Dell founder revealed that he was an Apple II iron powder when he was a teenager


Tencent technology news on October 8, just after the 10th anniversary of the death of Apple co-founder Steve Jobs, the memoir of Dell founder Michael Dell “play nice but win: a CEO’s journey from founder to leader” will also be published soon. In the book, Dell recalled his worship of Steve jobs before the establishment of his PC Empire, and revealed that he was an iron powder of Apple II.
The following is a summary of Dell’s memoir:
In the 1970s, Houston in the United States was a completely new city, full of rising buildings. Sometimes, when my family and I drive along the ring road, I will look at all the new buildings with flagpoles and glittering lights in front of the window, thinking that I will have my own company and set up flagpoles in front of the building in the future. I didn’t know what the company would do, but that was what I dreamed of.
As you may imagine, I am not a child who likes sports. I collect stamps and baseball cards. Baseball player Hank Aaron was a hero I admired when I was a child, but soon my hero became a businessman, especially those entrepreneurs who challenge the status quo and start their own businesses from scratch, such as Charles Schwab, founder of Carson wealth management, Fred Smith of FedEx Media tycoon Ted Turner and others. I saw those people in business magazines, and I’ve been tracking their stocks when their stocks rose rapidly.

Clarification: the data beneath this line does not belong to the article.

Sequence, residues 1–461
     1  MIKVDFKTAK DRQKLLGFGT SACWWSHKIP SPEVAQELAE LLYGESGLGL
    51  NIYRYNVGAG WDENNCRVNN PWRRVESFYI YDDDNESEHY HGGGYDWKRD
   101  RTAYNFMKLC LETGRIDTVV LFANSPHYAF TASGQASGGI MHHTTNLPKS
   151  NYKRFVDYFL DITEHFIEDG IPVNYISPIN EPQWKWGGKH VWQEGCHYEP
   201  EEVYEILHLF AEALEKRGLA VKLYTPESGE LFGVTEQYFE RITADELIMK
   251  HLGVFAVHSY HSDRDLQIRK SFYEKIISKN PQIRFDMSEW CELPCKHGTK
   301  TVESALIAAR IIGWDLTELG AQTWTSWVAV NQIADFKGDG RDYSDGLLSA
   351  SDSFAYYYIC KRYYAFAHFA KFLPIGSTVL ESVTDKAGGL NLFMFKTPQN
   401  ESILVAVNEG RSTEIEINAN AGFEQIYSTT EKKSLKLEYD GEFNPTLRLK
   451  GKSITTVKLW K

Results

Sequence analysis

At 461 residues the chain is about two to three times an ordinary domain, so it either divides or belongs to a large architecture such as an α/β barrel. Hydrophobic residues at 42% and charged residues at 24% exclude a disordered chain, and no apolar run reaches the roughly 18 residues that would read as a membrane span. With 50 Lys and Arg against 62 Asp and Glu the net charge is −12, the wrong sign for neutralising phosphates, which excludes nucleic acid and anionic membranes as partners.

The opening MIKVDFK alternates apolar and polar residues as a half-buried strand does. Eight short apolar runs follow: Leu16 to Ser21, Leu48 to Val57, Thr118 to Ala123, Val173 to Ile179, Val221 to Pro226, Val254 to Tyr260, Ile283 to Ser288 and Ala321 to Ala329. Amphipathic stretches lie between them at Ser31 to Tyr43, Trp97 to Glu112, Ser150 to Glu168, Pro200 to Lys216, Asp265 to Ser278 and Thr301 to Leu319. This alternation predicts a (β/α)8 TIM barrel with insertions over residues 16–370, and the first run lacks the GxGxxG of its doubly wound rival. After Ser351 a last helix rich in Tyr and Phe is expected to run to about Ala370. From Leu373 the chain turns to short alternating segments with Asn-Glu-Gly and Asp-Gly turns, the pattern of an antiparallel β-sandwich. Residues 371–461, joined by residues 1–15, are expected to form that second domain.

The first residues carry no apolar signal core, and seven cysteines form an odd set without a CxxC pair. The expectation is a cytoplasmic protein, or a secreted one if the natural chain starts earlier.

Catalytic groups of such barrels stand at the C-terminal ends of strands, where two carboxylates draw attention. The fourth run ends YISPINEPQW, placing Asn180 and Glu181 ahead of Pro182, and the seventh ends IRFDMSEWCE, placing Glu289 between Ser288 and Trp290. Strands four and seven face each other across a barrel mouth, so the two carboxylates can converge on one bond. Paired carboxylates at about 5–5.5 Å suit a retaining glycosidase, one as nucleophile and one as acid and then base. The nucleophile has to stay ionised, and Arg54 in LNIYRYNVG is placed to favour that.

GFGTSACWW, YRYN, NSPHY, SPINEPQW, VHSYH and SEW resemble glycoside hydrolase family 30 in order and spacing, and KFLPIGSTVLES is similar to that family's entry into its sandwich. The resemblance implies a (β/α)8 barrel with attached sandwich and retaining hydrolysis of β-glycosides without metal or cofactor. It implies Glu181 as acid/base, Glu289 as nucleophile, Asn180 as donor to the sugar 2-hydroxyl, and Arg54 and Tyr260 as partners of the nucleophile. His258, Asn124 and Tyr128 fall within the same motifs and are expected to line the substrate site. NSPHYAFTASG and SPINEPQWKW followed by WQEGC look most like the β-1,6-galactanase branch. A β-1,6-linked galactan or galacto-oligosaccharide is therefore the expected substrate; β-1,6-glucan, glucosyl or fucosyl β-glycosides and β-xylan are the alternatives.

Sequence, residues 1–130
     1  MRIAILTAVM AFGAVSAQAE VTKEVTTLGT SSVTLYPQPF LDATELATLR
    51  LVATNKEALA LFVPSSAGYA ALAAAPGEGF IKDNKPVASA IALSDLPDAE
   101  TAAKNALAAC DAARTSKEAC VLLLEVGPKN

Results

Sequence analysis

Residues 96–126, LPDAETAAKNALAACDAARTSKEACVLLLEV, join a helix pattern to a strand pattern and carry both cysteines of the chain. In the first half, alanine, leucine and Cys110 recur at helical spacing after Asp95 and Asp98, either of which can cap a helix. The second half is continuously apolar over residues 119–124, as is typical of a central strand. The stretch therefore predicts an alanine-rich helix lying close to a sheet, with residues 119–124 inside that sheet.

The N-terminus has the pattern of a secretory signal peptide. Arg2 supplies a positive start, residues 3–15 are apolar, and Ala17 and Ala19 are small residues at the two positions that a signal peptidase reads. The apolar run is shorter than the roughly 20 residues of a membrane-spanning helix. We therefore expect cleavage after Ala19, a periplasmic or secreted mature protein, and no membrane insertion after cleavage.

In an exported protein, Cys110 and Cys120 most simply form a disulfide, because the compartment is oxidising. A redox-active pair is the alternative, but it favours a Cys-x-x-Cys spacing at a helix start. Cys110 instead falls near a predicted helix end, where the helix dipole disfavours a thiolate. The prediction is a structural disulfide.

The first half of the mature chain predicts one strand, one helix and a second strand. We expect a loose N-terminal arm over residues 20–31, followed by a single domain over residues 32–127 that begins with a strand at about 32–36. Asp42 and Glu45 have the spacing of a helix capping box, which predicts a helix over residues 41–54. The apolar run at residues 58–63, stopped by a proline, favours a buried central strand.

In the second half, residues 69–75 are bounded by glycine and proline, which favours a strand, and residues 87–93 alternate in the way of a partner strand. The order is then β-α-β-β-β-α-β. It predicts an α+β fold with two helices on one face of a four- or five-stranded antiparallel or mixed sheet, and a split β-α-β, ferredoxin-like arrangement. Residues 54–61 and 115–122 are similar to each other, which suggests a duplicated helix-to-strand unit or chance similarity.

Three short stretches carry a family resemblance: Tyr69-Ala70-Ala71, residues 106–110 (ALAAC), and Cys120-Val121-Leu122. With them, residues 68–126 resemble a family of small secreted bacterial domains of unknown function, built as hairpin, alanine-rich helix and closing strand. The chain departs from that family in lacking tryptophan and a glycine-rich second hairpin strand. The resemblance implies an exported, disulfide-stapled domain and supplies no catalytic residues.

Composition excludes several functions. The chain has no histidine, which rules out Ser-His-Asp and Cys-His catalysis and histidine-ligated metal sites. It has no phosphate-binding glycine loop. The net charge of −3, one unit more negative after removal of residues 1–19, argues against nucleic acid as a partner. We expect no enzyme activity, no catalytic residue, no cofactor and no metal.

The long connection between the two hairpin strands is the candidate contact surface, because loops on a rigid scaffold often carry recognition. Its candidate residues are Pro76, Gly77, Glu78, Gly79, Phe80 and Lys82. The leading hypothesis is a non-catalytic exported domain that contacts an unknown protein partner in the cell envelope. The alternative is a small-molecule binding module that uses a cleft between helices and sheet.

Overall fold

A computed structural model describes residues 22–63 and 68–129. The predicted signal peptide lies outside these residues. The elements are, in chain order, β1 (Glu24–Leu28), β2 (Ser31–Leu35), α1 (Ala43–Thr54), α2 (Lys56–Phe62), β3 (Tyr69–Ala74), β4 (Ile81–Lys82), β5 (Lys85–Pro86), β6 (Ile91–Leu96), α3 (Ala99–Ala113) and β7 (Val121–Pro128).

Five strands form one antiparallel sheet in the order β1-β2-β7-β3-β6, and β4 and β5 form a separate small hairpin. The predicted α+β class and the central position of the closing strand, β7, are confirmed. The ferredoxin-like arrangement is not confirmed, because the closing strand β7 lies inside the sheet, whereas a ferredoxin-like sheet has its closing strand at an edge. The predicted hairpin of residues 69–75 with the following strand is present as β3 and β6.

In the seventh grade, I took an advanced mathematics class and learned it very well. Mrs. Darby invited me to join the exclusive number sense club. One day, in the classroom of the club meeting, a new type of machine was displayed. It was called computing telex terminal. It’s not actually a computer, but other children in the club and I found that you can input mathematical equations or very basic programs on this terminal, send them to the host somewhere, and the answer will be sent back. This is the coolest thing I’ve ever seen.